I am looking forward to seeing this dance develop into a longer work. I hope this will include Georgallis using more of the stage, greater audience interaction, as well as a stronger connection with the soundscape.
Re-Pattern held a hypnotic quality for me, and I heard the word 'satisfying' several times when discussing this piece afterwards – the perfect word to sum up my experience.
I am not in love
Choreographer and Performer: Jodie Cole
What a way to start a performance! Cole welcomes us to her world with a very realistic and loud action centre stage. Then without a blink of the eye, turns to face the audience and matter-of-factly introduces herself. You cannot help but instantly like her.
Cole, 32, loves cycling, wearing party dresses and has no children. She does have a fantastic stage presence and great humor. She delights the audience with auto-biographical details, which are reflected in gestural movement phrases. Cole uses motif well, as we see her 'cycle' and 'hang upside down' throughout the work – reminding us of her story.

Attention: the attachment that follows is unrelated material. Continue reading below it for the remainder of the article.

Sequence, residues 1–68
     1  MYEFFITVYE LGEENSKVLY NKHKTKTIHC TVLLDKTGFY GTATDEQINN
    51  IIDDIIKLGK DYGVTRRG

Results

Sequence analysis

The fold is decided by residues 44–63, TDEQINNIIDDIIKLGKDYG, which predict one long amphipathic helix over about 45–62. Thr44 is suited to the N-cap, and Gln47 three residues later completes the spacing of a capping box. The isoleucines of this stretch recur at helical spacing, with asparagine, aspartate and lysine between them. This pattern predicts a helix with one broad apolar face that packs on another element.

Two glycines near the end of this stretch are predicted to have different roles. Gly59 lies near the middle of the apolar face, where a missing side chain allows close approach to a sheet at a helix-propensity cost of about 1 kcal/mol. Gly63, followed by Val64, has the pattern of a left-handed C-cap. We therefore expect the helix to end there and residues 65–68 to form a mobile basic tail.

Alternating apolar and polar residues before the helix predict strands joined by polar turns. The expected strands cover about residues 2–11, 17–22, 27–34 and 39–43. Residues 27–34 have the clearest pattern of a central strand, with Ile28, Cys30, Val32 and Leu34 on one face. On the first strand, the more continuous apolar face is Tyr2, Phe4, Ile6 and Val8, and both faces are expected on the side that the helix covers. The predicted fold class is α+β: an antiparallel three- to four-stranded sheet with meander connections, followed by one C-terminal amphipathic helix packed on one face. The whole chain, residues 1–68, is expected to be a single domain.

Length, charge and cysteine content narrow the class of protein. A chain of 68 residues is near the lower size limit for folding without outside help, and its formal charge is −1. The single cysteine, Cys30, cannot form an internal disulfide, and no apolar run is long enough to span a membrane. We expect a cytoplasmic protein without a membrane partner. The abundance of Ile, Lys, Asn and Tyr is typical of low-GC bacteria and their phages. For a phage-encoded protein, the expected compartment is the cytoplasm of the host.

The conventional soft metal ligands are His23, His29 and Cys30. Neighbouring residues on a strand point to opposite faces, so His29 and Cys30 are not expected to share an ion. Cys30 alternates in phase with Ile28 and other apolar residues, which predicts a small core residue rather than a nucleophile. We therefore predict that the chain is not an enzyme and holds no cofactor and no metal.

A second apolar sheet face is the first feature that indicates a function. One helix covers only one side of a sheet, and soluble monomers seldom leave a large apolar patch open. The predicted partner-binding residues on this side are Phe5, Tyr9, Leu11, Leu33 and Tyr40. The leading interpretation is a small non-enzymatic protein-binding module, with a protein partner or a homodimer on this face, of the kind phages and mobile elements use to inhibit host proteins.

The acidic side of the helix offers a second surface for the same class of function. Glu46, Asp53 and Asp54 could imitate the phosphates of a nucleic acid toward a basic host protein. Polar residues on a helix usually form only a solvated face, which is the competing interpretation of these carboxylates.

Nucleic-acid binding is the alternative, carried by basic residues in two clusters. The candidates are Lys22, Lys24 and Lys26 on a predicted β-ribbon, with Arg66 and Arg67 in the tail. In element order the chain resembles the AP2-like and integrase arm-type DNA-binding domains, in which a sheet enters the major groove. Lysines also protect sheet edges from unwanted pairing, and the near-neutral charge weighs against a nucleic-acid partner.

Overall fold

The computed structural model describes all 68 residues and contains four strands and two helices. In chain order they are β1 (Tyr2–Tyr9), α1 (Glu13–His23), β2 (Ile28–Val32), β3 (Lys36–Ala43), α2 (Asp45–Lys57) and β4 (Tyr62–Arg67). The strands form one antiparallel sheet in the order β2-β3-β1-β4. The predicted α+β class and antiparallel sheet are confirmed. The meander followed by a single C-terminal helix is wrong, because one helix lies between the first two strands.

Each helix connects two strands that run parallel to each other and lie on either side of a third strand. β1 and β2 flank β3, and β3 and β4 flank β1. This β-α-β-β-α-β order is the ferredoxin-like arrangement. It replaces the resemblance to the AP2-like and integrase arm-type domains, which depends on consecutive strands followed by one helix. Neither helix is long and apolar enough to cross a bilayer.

I appreciate Cole's ability to perform introspective phrasing, such as using her party dress to represent her aborted baby. I was actually emotionally affected by this, as the movement was stripped down to only what needed to be there – that which most effectively and simply expresses her narrative. Cole has confident eye contact with all of us, excellent use of breath and dynamics, as well as using her props so effectively I cannot imagine the work without them. I would happily watch this piece of brutal seduction again.